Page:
The News Courier in Athens, Alabama

Lifestyle

October 31, 2012

Sandy shuts down Northeast air travel

— Superstorm Sandy grounded more than 18,000 flights across the Northeast and the globe, and it will take days before travel gets back to normal.

According to the flight-tracking service FlightAware, more than 7,000 flights were canceled on Tuesday alone. Delays rippled across the U.S., affecting travelers in cities from San Francisco to Atlanta. Some passengers attempting to fly out of Europe and Asia also were stuck.

Authorities closed the three big New York airports because of the storm. New York has the nation's busiest airspace, so cancellations there can dramatically affect travel in other cities.

It was possible that John F. Kennedy airport would re-open for flights on Wednesday, according to the Port Authority of New York and New Jersey. It wasn't known when the LaGuardia and Newark, N.J. airports would reopen.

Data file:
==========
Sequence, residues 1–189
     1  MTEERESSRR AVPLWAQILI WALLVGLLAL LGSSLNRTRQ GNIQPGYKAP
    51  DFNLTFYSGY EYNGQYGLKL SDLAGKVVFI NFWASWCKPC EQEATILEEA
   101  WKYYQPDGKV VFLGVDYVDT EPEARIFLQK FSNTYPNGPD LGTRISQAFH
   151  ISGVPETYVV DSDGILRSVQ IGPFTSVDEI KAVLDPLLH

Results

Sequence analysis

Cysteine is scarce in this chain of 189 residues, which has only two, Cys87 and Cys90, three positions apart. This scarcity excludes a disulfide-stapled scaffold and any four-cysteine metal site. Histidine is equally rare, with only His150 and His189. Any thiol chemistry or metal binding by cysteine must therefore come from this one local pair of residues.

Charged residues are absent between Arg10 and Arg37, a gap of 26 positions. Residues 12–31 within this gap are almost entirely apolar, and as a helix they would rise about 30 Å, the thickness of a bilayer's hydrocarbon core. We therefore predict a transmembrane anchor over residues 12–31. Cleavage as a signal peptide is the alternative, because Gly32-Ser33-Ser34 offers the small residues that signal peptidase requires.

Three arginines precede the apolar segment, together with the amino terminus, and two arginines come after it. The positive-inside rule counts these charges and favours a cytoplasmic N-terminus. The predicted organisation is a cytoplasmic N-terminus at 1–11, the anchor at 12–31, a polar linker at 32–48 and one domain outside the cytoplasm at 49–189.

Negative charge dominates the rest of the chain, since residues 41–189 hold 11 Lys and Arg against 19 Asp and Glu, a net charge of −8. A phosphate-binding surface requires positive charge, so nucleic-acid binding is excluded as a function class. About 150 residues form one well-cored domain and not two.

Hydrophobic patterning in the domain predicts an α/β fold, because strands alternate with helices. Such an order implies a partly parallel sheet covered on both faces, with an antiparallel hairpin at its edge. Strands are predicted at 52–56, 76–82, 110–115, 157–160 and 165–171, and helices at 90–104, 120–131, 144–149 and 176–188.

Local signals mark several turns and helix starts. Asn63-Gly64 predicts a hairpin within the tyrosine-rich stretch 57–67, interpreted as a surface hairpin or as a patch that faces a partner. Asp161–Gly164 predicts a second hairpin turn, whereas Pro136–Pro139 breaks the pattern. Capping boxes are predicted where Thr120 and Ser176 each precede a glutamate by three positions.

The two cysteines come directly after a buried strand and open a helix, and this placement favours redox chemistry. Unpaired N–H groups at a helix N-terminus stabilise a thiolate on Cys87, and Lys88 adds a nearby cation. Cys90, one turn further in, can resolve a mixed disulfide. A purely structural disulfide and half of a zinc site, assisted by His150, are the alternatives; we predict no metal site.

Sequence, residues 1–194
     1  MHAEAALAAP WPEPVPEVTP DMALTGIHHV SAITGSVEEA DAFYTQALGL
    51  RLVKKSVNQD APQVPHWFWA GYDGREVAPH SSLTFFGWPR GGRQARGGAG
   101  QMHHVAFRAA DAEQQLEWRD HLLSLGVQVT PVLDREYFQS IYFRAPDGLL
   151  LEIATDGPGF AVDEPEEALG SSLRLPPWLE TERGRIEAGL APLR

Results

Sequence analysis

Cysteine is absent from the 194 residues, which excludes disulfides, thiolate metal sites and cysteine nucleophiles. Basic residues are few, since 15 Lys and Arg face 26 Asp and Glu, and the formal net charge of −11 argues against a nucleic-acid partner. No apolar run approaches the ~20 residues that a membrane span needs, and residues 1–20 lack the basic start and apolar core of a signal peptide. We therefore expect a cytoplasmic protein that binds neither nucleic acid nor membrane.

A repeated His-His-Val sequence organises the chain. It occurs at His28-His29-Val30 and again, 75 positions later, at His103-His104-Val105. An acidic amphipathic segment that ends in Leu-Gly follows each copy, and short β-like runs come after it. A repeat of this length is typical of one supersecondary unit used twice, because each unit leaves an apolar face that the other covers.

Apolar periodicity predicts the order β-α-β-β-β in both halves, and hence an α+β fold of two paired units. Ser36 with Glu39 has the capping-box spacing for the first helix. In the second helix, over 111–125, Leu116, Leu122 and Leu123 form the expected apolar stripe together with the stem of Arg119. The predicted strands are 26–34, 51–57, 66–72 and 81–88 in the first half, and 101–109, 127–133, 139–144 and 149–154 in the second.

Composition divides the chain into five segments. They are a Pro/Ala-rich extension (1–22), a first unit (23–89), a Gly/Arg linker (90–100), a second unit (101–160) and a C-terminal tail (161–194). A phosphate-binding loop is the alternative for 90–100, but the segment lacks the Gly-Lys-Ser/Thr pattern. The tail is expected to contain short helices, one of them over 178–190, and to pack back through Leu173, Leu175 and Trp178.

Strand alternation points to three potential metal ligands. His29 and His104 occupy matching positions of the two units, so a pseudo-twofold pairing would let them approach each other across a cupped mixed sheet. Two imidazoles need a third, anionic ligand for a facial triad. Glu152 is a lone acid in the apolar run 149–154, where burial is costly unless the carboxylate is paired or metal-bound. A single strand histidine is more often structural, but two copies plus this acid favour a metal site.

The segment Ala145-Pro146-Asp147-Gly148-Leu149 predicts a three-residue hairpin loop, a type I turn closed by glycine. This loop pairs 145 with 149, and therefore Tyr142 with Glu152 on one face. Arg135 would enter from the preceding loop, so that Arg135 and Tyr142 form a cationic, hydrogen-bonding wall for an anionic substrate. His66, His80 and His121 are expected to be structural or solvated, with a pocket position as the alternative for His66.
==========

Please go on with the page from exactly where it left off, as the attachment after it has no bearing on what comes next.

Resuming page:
Flying began to resume at other airports. Delta restarted flying from Boston and Washington Dulles and Reagan on Tuesday. Airline spokesman Morgan Durrant said it would resume domestic flights from JFK on Wednesday.

Service was slowly returning to Philadelphia International Airport on Tuesday afternoon.

Hurricane Sandy converged with a cold-weather system and slammed into New Jersey on Monday evening with 80 mph winds. The monstrous hybrid of rain and high wind — and even snow in some mountainous inland areas — has killed more than three dozen people in the U.S.

Airlines anticipated the storm's impact and began canceling flights on Saturday. By Tuesday they had scrapped more than 18,000.

In years past, airlines would have operated many of those flights — and left airplanes and crews stranded in the wrong cities when a blizzard or thunderstorm shut things down.

But airlines have gotten aggressive about canceling because it makes restarting flights easier.

"It's kind of like dominoes — when one aircraft is out of place, it means the flight crew is out of place, and that has a ripple effect throughout the rest of the day," said Lance Sherry, who runs the Center for Air Transportation Systems Research at George Mason University.

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